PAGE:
The first draft of revised criteria for physical therapist (PT) and physical therapist assistant (PTA) education programs is now available for review, and the Commission on Accreditation in Physical Therapy Education (CAPTE) is seeking input both online and at the upcoming 2014 Combined Sections Meeting (CSM) in Las Vegas.
The document is being made available at the CAPTEwebpage related to the project. The draft, created by CAPTE's Criteria Revision Group (CRG), is intended to be the basis for a set of revised criteria that will guide accreditation decisions. As part of its refinement process the CRG is hoping to receive feedback from interested parties including faculty, university and program administrators, practitioners, students, alumni, and employers.
The CRG offers 2 ways to provide input—via an online survey with a February 24 deadline, and at an in-person hearing during the CSM. The hearing is scheduled for Tuesday, February 4 at 6:30 pm in Galileo-1003, 1004, 1005 on the first level of the Venetian, the host hotel. The survey is easy to complete, but the CRG advises participants that they must enable cookies and be sure to use the same computer and web browser if they decide to complete the survey over more than 1 session.
Revisions developed as a result of this round of commentary will be made available for later comment. The CRG will meet in early March to discuss feedback received from the surveys and CSM session.
Questions about the process? Need more information? Contact CAPTE staff.
In what it describes as an effort aimed at "changing the face of physical therapy" the Foundation for Physical Therapy (Foundation) announced that it has raised $3 million to fund a program dedicated to training physical therapists in health services research. The Foundation's Center of Excellence is set to launch in 2015 thanks to donations from APTA, many of its state chapters, APTA components, and a long list of corporate and private donors.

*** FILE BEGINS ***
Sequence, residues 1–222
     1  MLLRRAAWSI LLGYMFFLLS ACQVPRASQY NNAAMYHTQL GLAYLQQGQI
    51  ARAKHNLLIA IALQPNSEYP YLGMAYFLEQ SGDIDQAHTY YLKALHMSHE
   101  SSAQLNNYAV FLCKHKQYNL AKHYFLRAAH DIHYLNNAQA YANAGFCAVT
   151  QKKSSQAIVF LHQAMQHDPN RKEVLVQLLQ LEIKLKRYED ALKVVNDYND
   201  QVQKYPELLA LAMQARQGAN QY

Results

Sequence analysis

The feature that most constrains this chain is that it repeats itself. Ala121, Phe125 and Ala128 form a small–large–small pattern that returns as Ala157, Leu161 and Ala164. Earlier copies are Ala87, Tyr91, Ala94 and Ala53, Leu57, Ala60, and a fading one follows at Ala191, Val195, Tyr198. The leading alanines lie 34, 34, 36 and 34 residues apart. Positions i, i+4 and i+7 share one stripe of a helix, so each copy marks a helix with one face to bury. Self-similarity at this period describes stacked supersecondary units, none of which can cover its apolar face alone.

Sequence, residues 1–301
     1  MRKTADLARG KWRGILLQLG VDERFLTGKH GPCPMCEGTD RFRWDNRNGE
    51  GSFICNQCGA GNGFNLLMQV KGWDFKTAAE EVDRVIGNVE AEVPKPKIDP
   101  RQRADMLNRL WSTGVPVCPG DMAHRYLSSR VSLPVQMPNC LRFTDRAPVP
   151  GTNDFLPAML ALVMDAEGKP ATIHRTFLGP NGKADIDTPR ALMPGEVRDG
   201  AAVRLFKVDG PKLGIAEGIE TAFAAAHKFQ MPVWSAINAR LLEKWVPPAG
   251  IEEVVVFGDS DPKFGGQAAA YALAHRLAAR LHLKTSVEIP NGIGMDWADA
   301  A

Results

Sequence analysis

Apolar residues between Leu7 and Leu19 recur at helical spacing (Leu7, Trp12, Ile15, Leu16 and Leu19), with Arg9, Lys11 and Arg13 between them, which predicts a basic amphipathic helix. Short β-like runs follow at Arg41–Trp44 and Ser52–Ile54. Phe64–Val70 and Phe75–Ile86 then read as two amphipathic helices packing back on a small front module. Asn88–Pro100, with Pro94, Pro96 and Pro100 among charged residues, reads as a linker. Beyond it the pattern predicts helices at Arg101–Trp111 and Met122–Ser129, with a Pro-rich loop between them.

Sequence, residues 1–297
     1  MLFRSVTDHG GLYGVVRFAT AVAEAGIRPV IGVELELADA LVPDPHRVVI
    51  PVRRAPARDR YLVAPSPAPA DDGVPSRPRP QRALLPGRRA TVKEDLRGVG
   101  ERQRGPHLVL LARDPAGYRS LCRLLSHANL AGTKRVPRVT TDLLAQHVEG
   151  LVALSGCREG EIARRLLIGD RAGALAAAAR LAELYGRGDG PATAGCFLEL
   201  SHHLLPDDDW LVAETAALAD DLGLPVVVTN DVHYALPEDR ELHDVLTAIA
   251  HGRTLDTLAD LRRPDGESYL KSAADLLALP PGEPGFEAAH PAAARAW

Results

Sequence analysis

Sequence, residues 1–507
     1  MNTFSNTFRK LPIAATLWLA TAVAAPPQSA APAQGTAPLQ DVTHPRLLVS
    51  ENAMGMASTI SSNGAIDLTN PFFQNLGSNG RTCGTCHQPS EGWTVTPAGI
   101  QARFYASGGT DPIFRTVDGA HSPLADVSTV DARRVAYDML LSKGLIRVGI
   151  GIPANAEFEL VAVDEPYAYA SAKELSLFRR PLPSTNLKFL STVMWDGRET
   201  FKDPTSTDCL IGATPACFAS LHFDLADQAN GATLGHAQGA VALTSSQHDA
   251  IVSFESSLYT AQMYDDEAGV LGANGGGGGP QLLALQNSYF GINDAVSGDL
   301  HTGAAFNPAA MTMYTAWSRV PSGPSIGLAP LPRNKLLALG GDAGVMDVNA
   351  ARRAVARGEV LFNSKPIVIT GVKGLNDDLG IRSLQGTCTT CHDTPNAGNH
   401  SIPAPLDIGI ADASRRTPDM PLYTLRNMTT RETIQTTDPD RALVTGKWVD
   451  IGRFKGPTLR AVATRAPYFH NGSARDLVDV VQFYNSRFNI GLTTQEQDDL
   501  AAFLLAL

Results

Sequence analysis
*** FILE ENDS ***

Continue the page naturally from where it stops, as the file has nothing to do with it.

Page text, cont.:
The Center of Excellence for Health Services/Health Policy Research (COE) will focus on significantly expanding the number of physical therapist (PT) investigators specializing in research around health services and policy. The project was created in response to a lack of sufficient data related to physical therapy in services/policy research, and a shortage of PTs with the skills to conduct this kind of research.
Work to bridge these gaps will begin when the Foundation awards a $2.5 million grant to launch and manage the COE. Current Foundation plans are to begin accepting letters of intent later in 2014 and to grant the award in 2015. The Foundation will continue to raise funds for the campaign to strengthen its ability to offer health services/health policy research grants and scholarships along with clinical research awards.
In a Foundation press release (.pdf), Foundation Board of Trustees President William G. Boissonnault, PT, DPT, DHSc, FAPTA, FAAOMPT, thanked all who participated in the fundraising efforts and stated that the financial support "Will put us on the road to changing the face of physical therapy, securing our place in the future of health care, and dramatically improving the quality of care we provide to our clients."
Contributions to the Foundation are tax-deductible and can be made online or sent to Foundation headquarters at 1111 N Fairfax Street, Alexandria, VA 22314. For more information, e-mail Foundation staff or call 800/875-1378.
For people who have had a stroke and are unable to walk at the outset of treatment, treadmill training is not likely to aid their progress toward walking independently—but for patients with stroke who are ambulatory, the intervention may significantly improve endurance and speed. These were the broad conclusions reached in a recent review of 44 trials and 2,658 participants.
The research, to be published in the Cochrane Database of Systematic Reviews (abstract only available for free at this time), focused on "randomized or quasi-randomized controlled and crossover trials of treadmill training and body weight support, individually or in combinations, for the treatment of walking after stroke." Authors focused on outcomes related to walking speed, endurance, and dependency.
"Overall, the use of treadmill training with body weight support did not increase the chances of walking independently compared with other physiotherapy interventions," the researchers wrote. Still, while results were at best mixed for patients with stroke unable to walk, authors noted that those who could walk "appear to benefit most from this type of intervention" and that "improvements in walking endurance in people able to walk may have persisting beneficial effects."